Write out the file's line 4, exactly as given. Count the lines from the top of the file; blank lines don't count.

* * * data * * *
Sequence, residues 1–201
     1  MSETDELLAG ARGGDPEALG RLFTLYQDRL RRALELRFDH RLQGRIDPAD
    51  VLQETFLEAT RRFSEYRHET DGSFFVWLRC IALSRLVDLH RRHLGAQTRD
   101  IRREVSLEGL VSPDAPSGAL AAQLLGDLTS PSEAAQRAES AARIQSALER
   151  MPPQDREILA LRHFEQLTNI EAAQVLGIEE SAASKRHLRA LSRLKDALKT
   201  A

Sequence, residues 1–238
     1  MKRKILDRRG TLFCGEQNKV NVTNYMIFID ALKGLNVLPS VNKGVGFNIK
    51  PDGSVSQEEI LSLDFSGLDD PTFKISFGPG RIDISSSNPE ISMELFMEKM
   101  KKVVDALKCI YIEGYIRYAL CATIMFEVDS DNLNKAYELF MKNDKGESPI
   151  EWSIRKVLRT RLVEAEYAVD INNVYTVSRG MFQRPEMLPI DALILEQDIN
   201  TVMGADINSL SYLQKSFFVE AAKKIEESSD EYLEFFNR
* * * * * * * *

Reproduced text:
   101  IRREVSLEGL VSPDAPSGAL AAQLLGDLTS PSEAAQRAES AARIQSALER